What’s on Cranberry Island?

What’s on Cranberry Island?

The Sunday Paper #364

May 23, 2021

I had a lovely interview with Matthew Reinhart on Paper Talk. Matthew is a world-renowned children’s book author, illustrator and paper engineer, known best for cutting and folding paper into gravity-defying pops in his acclaimed pop-up books. His New York Times bestselling titles include Harry Potter, a Pop-Up Guide to Hogwarts, Star Wars: A Pop-Up Guide to the Galaxy, DC Super Heroes: The Ultimate Pop-Up Book, and Mommy? created with children’s book legend Maurice Sendak. Matthew loves every second of his work and enjoys sharing new crafts with creators of all ages on Youtube each week. Enjoy our conversation!


These unique paper collages by Dorothy Eisner (1906 to 1984) will soon be on view at Gleason Fine Art in Boothbay Harbor (May 27 – June 29) on Cranberry Island in Maine. For 24 summers at the end of her life, Eisner was an enthusiastic member of Cranberry Island’s large artistic community. This brief story about her life is fascinating, with details about growing up in Manhattan and attending the Art Students League to discovering the work of Matisse and Picasso and developing her own style.

Dorothy Eisner

Dorothy Eisner’s “Camp Basketball” collage- 14” x 22” Courtesy of Gleason Fine Art 

I wrote about this installation of paper doves by Michael Pendry back in January, but Washington National Cathedral has now reopened, and it is worth another mention along with this stunning photo. “Across religious traditions and even across cultures, doves are symbols of peace and hope,” says Kevin Eckstrom, the chief communications officer of the cathedral. “When you go into the space and you see this flock, it’s almost like they’re pointing towards something. They’re all flying in the same direction, but at different elevations and in different ways. And the ambient air in the cathedral makes them all move. It’s a moving installation.”

Washington National Cathedral: Doves — Photo: Danielle E. Thomas

The May project in The Paper Year (my online membership program), is called Architectural Row. It is so fun to see the interpretations of participants! This is Gerry Murano’s version from Tucson. She shared Your Home is Your Castle in The Paper Studio. This accordion-type book structure collapses to fit in an envelope, and she created the piece as a housewarming gift for her cousin.

©Gerry Murano 2021, Your Home is Your Castle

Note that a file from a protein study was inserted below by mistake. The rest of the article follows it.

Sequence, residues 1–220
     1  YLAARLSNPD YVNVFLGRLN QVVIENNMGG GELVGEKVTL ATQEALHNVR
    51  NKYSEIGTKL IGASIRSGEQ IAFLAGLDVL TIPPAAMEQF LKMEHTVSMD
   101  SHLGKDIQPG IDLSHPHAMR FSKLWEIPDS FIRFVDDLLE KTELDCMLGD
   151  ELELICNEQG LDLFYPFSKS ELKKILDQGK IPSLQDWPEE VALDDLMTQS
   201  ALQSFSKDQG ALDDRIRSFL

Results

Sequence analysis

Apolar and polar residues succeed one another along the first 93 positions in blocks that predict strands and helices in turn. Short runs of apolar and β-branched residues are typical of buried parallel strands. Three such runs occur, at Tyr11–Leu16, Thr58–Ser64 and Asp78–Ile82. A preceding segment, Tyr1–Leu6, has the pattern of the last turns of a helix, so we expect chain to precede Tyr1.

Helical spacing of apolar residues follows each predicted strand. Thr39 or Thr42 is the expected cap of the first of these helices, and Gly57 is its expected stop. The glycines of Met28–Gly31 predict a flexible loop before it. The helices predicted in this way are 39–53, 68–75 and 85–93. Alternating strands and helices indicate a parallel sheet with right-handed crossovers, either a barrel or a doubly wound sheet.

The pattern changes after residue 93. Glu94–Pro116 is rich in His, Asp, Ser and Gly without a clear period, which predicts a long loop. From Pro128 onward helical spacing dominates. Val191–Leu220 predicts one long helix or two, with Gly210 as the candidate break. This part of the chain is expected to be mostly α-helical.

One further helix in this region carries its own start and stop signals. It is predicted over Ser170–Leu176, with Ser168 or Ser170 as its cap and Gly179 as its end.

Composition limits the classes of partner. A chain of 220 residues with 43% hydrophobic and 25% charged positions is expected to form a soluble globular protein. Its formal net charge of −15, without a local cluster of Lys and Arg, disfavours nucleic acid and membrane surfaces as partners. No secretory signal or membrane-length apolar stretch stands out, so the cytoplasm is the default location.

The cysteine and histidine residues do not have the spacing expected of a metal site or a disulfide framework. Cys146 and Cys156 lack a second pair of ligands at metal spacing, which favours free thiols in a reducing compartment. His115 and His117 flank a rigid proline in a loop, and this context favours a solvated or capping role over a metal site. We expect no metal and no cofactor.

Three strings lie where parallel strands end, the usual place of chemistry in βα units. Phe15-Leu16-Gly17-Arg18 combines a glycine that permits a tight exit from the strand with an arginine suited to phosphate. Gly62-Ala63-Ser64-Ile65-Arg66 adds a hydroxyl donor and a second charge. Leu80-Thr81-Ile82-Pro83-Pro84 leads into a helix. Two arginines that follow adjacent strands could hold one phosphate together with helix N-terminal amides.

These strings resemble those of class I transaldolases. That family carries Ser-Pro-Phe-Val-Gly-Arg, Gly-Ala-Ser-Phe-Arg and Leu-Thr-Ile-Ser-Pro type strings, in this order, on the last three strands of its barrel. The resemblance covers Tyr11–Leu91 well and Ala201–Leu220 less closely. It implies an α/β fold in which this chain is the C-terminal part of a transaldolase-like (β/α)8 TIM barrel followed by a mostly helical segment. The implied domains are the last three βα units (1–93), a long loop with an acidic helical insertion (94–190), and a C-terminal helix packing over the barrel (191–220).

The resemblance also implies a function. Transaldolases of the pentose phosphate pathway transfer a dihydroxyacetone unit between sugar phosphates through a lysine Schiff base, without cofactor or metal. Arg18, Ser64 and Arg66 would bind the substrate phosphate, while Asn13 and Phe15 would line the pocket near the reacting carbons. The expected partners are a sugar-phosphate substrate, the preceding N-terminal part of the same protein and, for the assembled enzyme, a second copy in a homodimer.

Check out this video that shows how an origami waterbomb tessellation was used to design the wheels for an off road vehicle that can transform from one shape into another to adapt to the terrain.


Paper Tidbits:


In the Studio:

I’m developing the content for my summer Paper + Light online class, which opens for registration tomorrow. Years ago, I learned how to make Chochin, collapsible Japanese lanterns. This form traditionally begins with the construction of a wooden armature. Back in the 1990’s, an artist friend attended a workshop at the Paper & Book Intensive with Richard Flavin and Tim Barrett and learned how to construct the armature in foam core. She knew I would love it and taught me. Once I learn a structure, I cannot stop thinking about ways to adapt and transform it into variations. Here you see a few – can you envision the armatures that can be constructed from these pieces?


Featured this week in my Studio shop:

Party Light Try It! Workshop, The Papermaker’s Companion, Package of 3 Films, Papermaking With Garden Plants & Common Weeds


If you read this blog regularly, would you consider making a donation to support the research, writing, design and delivery of The Sunday Paper? Or, perhaps you’re interested in promoting your business in The Sunday Paper.

Thanks to everyone who has already pledged your support!


SHARE THIS blog post with your paper-loving friends!

I occasionally have affiliate links in my blog posts – links to products in which I will receive a small commission if you make a purchase. Thanks for your support!

Comments are closed.